5 Written questions
5 Matching questions
- Island Biogeography theory
- a A mathematical measure of how the total number of individuals in an area are divided among the number of species in an area. In even communities, most species have about the same number of individuals present, where in uneven communities almost all individuals present belong to one species.
- b The simple count of number of species in an area.
- c All the organisms that inhabit a particular area; an assemblage of populations of different species living close enough together for potential interaction
- d A defense where one species is selected to look like another species which has an effective defense.
- e Predicts the relationship between species richess of a patch and that patch's area and distance to other patches
5 Multiple choice questions
- A symbiotic relationship in which the symbiont (parasite) benefits at the expense of the host by living either within the host (as an endoparasite) or outside the host (as an ectoparasite)
- A force that changes a biological community and usually removes organisms from it. Disturbances, such as fire and storms, play pivotal roles in structuring many biological communities
- The division of environmental resources by coexisting species such that the niche of each species differs by one or more significant factors from the niches of all coexisting species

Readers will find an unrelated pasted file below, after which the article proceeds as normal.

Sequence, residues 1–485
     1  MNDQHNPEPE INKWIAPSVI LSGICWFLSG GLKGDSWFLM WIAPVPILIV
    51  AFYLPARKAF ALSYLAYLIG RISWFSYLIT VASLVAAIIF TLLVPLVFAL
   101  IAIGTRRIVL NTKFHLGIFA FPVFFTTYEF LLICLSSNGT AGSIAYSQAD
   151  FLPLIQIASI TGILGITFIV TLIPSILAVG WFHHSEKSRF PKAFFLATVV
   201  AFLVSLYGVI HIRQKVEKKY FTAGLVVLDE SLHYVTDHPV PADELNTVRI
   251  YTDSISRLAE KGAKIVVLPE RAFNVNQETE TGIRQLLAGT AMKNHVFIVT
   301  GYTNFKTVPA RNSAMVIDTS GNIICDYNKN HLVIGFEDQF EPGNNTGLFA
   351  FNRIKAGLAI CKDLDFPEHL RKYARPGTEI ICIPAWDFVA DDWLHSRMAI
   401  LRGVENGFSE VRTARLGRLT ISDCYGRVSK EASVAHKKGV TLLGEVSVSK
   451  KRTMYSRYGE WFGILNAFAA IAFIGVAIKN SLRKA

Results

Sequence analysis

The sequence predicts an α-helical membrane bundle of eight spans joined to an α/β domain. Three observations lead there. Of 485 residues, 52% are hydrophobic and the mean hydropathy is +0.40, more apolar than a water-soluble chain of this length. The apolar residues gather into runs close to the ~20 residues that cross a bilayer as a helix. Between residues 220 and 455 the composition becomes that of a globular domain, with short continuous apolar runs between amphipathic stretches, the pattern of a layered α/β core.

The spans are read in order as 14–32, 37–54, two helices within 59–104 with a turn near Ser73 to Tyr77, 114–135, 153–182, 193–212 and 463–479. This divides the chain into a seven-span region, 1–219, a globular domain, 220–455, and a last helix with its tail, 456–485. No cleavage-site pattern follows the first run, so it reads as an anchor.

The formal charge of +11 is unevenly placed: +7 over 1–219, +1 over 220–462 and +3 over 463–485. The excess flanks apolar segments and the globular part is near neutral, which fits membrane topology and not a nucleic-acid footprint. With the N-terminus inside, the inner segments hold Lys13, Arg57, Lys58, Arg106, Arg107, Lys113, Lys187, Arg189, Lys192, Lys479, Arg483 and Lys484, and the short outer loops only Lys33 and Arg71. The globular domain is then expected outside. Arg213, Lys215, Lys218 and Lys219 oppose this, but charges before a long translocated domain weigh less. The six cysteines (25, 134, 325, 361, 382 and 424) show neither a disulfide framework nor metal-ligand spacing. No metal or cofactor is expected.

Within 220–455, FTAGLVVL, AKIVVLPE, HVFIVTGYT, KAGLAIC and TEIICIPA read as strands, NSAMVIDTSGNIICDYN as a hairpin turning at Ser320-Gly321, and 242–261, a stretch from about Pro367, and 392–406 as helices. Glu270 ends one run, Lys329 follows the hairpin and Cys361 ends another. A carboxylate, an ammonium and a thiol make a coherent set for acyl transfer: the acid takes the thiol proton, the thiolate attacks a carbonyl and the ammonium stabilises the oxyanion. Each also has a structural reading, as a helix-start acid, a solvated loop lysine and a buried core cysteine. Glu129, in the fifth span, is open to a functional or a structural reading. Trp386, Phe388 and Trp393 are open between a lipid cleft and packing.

- Species that are not usually abundant in a community yet exert strong control on community structure by the nature of their ecological roles or niches
- A symbiotic relationship in which both participants benefit
5 True/False questions
pathogens → a disease causing organism
biodiversity → A defense where one species is selected to look like another species which has an effective defense.
secondary succession → A type of ecological succession that occurs in a virtually lifeless area, where there were originally no organisms and where soil has not yet formed
coevolution → The mutual influence on the evolution of two different species interacting with each other and reciprocally influencing each other's adaptations
herbivory → consumption of plants